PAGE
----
The Personal History, Adventures, Experiences & Observations of Peter Leroy
The Personal History, Adventures, Experiences & Observations of Peter Leroy
🎧 760: She shook . . .
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🎧 760: She shook . . .

What a Piece of Work I Am, Chapter 53 concludes, read by the author
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     She shook her head, eyes down, with a sadness in the rhythm of the shaking that made me wish I had kept my mouth shut. Some members of the audience, speaking so softly that they were barely audible, began the long, drawn-out chant that one heard more and more often now: “Arrr-eeee-annn, Arrr-eeee-ann.” She immediately held her hands up to silence them.
     “It all fits in life’s big cauldron,” she said. “My mother—but first you have to understand that my mother had a big soup kettle that she called a cauldron—you remember that, don’t you, Peter?”
     “I do,” I said. “I told you: I remember it all.”
     “She had her cauldron—and then you have to understand that the only dish she taught me to make was clam chowder. She only taught me to make that one dish, but she put everything into it.”
     “Into the chowder?” I asked. I wanted to help her out. I thought she needed a chuckle in here somewhere.
     “No,” she said, and she must have agreed with me about the need for a chuckle, because she chuckled herself. “I don’t mean that she put everything into the chowder; that would make a hell of a mess. I mean that she put everything she knew into teaching me to make chowder. All the folk wisdom that a mother is supposed to pass on to her daughter my mother passed along through the medium of clam chowder. And now I’m astonished to discover how much of it I remember.”
     “Perhaps the stomach is an organ of memory,” I suggested. “Think of all the metaphors and dead metaphors that suggest that: digesting new information, regurgitating facts for an exam, and so on. Think about it.”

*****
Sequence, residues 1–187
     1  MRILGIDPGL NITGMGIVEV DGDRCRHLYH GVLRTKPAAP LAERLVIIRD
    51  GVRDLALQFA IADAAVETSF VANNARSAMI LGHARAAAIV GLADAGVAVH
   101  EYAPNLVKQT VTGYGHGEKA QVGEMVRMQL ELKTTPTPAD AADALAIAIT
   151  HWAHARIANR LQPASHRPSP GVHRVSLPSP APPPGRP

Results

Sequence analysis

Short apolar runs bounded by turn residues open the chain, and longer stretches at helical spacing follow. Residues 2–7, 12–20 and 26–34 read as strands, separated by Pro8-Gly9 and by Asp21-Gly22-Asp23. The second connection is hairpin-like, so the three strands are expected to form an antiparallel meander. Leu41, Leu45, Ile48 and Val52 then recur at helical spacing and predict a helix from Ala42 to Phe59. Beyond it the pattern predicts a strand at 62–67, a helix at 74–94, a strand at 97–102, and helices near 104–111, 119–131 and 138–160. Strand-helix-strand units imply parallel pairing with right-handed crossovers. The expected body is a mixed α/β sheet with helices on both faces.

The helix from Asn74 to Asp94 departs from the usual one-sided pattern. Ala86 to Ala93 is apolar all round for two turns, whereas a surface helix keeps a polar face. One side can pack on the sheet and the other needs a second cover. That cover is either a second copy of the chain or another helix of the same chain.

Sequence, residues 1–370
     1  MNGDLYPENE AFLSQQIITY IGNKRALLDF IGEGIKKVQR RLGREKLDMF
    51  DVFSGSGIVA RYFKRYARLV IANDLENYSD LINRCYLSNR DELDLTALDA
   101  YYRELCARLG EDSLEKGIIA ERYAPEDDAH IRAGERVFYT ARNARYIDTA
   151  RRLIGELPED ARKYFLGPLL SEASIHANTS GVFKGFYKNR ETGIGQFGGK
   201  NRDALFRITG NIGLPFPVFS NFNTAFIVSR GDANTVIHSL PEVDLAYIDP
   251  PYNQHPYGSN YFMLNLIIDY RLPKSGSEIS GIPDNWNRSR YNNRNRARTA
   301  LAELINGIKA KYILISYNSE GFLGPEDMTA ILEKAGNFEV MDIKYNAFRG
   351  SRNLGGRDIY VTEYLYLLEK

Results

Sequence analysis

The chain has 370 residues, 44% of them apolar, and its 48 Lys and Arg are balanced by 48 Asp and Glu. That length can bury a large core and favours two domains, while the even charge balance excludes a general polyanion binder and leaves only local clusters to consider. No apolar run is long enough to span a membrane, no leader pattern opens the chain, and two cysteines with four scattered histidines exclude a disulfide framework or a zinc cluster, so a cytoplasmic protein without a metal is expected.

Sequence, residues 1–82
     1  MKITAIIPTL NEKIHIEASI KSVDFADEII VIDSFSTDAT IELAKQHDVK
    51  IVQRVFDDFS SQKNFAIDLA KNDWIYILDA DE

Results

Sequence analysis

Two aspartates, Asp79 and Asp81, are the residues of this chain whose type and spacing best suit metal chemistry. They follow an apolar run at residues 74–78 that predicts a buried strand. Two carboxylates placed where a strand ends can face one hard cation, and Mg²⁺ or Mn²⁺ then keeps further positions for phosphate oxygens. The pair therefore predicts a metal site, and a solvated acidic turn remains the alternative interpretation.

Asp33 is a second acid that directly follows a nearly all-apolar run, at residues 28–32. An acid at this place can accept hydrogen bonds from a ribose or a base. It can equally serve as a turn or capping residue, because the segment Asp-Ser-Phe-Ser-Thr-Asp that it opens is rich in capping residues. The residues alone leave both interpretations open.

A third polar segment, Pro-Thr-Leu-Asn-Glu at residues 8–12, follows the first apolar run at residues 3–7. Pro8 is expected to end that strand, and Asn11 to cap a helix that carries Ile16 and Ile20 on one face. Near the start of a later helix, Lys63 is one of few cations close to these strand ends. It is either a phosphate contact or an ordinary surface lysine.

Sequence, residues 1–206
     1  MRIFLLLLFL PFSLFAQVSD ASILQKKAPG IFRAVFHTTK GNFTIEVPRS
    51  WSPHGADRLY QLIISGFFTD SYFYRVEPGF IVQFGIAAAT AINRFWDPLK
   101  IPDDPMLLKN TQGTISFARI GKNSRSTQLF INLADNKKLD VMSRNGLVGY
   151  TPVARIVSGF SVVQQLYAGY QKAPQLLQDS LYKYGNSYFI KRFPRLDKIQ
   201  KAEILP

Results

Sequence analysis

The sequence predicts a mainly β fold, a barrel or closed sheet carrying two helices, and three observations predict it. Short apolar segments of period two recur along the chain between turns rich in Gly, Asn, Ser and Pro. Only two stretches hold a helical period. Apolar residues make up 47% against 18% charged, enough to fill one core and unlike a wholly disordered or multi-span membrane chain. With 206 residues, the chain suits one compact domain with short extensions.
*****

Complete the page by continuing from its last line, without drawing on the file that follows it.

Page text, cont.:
She was wearing something awfully close to a frown.
     “I might be right,” I said. “Who knows?”
     “So,” she said, turning again to the audience, “my mother would have said, in fact she did say, ‘I never liked celery.’ ”
     I pulled a face and shrugged for the audience to indicate that I had no better idea than they did how celery had gotten into this.
     “She’d be slicing celery as she said it,” said Ariane. “She’d say, ‘I never liked celery, but it’s part of the chowder. Got to be in there. I’ve tried making chowder without celery, and it doesn’t come out right. Something’s missing.’ It’s amazing what my mother knew.”
     For her sake, I wished she would cut this embarrassing meeting of the chowder-and-philosophy society short. I cleared my throat and was about to speak, but she turned and gave me a look. I kept my mouth shut.
     “My mother said, ‘You can’t make a chowder with nothing but clams. A cauldron of clams is not a chowder. You’ve got to have all the rest. Even the celery. It’s a mystery.’ And, you know what? She was right. In a full, rich, flavorful life, you’re bound to have some celery.”
     A reverential hush fell over the audience. I mistook it for a pall. To dispel it, I said, “It’s a good source of fiber.”
     In the front row, a man with a notebook jotted something down and punctuated it with a humorless laugh and a shake of his head.

[to be continued]

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The Personal History, Adventures, Experiences & Observations of Peter Leroy
The Personal History, Adventures, Experiences & Observations of Peter Leroy
The entire Personal History, Adventures, Experiences & Observations of Peter Leroy, read by the author. "A masterpiece of American humor." Los Angeles Times